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Open Access Highly Accessed Review

Dual renin-angiotensin system inhibition for prevention of renal and cardiovascular events: do the latest trials challenge existing evidence?

Samir G Mallat

Author Affiliations

Department of Internal Medicine, American University of Beirut Medical Center (AUBMC), PO Box 11-0236, Riad-El-Solh, Beirut 1107 2020, Lebanon

Cardiovascular Diabetology 2013, 12:108  doi:10.1186/1475-2840-12-108

The electronic version of this article is the complete one and can be found online at: http://www.cardiab.com/content/12/1/108


Received:2 March 2013
Accepted:15 July 2013
Published:19 July 2013

© 2013 Mallat; licensee BioMed Central Ltd.

This is an Open Access article distributed under the terms of the Creative Commons Attribution License (http://creativecommons.org/licenses/by/2.0), which permits unrestricted use, distribution, and reproduction in any medium, provided the original work is properly cited.

Abstract

Circulatory and tissue renin-angiotensin systems (RAS) play a central role in cardiovascular (CV) and renal pathophysiology, making RAS inhibition a logical therapeutic approach in the prevention of CV and renal disease in patients with hypertension. The cardio- and renoprotective effects observed with angiotensin-converting enzyme (ACE) inhibitors or angiotensin II receptor blockers (ARBs) monotherapy, together with the availability of a direct renin inhibitor (DRI), led to the investigation of the potential benefits of dual RAS inhibition. In small studies, ARB and ACE inhibitor combinations were shown to be beneficial in patients with CV or renal disease, with improvement in surrogate markers. However, in larger outcome trials, involving combinations of ACE inhibitors, ARBs or DRIs, dual RAS inhibition did not show reduction in mortality in patients with diabetes, heart failure, coronary heart disease or after myocardial infarction, and was in fact, associated with increased harm. A recent meta-analysis of all major trials conducted over the past 22 years involving dual RAS inhibition has clearly shown that the risk-benefit ratio argues against the use of dual RAS inhibition. Hence, the recent evidence clearly advocates against the use of dual RAS inhibition, and single RAS inhibition appears to be the most suitable approach to controlling blood pressure and improving patient outcomes.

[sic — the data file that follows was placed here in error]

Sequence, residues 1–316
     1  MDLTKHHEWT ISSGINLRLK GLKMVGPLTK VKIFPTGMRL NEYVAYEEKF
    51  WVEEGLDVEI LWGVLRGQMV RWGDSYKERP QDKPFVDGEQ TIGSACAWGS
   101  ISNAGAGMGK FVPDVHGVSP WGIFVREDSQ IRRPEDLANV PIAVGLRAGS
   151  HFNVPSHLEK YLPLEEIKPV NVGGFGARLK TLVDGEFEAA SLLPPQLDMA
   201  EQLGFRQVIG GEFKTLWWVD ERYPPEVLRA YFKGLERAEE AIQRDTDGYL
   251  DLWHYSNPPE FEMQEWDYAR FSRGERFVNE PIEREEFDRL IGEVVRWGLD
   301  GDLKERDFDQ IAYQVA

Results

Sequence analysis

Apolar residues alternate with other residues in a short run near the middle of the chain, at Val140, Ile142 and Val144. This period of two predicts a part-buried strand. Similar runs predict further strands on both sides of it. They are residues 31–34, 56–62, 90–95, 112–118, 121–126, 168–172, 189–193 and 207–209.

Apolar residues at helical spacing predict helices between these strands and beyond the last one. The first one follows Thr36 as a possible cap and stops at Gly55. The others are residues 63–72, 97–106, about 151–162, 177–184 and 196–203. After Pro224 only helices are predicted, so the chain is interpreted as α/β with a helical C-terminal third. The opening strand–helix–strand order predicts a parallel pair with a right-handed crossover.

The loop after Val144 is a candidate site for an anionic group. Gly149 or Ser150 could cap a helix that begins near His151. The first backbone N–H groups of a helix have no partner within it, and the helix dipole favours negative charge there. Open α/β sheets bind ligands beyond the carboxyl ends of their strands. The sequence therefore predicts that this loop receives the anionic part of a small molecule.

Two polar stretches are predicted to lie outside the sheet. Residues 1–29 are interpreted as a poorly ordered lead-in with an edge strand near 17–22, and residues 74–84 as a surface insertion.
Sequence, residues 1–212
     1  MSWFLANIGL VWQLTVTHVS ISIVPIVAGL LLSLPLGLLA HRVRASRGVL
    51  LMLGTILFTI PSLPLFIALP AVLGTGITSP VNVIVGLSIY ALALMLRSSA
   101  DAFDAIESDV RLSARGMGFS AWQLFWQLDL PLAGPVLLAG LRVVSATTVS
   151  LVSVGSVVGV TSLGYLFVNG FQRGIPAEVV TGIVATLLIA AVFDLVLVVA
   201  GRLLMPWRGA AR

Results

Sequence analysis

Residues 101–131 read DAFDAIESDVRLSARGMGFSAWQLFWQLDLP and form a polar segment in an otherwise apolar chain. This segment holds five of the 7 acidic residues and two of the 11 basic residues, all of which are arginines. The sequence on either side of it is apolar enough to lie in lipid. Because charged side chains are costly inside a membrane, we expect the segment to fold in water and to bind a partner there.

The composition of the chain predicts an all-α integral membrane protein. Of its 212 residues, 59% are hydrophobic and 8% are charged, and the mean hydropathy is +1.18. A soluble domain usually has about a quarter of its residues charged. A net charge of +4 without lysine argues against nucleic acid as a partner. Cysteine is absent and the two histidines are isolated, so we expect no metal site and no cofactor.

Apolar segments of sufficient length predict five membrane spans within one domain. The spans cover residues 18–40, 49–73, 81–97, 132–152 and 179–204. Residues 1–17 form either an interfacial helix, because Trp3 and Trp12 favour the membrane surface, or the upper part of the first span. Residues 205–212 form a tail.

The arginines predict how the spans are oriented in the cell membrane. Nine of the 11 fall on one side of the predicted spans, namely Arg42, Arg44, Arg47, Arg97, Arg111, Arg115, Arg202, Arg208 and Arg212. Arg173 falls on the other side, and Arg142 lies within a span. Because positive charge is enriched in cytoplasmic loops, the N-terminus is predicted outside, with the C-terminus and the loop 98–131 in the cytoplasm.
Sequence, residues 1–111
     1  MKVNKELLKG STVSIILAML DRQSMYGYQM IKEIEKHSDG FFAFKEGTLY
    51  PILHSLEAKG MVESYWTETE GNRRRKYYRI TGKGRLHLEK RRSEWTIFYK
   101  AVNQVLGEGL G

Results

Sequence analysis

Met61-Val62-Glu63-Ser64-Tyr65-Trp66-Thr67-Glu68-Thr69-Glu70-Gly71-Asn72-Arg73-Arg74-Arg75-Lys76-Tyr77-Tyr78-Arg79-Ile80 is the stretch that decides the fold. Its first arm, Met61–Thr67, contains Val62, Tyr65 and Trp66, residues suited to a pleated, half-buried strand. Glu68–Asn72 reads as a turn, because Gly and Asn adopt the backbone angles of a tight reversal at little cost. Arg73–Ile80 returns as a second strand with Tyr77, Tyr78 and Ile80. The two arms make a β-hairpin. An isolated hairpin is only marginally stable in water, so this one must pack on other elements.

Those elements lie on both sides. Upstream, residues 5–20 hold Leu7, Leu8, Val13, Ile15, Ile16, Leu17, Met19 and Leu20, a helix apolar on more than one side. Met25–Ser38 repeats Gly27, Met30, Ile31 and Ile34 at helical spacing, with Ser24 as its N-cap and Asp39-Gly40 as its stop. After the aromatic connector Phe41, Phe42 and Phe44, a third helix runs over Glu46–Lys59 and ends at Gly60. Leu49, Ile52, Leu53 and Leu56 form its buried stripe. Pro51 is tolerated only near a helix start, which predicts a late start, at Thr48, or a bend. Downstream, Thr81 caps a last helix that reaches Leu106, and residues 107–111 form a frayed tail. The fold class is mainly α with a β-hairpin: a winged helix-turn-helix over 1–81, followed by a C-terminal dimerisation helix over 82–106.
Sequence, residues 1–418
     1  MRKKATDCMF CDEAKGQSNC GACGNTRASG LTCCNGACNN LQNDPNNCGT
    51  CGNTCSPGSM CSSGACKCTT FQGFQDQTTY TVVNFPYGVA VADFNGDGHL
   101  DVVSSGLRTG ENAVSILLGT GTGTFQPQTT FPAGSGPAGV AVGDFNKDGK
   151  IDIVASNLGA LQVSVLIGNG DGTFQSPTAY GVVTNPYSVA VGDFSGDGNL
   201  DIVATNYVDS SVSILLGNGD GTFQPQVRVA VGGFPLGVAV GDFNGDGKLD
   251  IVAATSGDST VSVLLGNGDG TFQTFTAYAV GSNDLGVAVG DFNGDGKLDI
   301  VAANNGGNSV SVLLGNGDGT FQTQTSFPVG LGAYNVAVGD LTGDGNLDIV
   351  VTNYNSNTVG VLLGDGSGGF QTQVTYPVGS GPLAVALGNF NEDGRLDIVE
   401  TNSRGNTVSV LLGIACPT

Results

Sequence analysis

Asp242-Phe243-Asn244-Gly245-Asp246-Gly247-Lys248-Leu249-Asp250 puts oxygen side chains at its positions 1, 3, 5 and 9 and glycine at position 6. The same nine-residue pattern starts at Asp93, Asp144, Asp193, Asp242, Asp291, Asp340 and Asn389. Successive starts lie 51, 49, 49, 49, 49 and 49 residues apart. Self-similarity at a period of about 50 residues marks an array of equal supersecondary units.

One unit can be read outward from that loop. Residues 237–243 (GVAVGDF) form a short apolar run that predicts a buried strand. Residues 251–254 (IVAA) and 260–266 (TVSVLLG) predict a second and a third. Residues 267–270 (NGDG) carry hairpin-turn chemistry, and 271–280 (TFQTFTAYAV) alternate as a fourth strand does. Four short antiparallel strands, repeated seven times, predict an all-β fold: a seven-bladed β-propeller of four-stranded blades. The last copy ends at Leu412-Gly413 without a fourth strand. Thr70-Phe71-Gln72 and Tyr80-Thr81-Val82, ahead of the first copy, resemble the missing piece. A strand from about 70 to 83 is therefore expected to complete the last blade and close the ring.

Keywords:
Angiotensin-converting enzyme (ACE) inhibitors; Angiotensin II receptor blockers; Blood pressure; Cardiovascular disease; Dual renin-angiotensin system inhibition; Direct renin inhibitors; Outcomes; Renal disease

Introduction

The central role of the renin-angiotensin system (RAS) in the regulation of blood pressure (BP) has been recognized for many years. The discovery of tissue-based angiotensin II production has resulted in the concept of a local RAS that is independent of the circulating RAS.

RAS activation following the release of renin by the kidney results in a cascade of physiological events (Figure 1). Renin catalyzes the formation of angiotensin I, which is then converted to angiotensin II by angiotensin-converting enzyme (ACE), resulting in activation of the angiotensin II receptors and its deleterious effect on renal vasculature, resulting in chronic kidney disease (CKD) [1-6]. The progressive development of cardiovascular (CV) disease (CVD) resulting from pathophysiological changes mediated by angiotensin II in the presence of risk factors is well established [2] and local activation of RAS in the vascular walls is thought to contribute to atherosclerosis [5]. Furthermore, intrarenal RAS is often inappropriately activated in diabetes and is thought to predispose these patients to nephropathy [7,8]. RAS inhibition (both circulatory and intrarenal) is therefore a key therapeutic approach to slow progression of CKD and to reduce CV risk through both BP-dependent and independent mechanisms.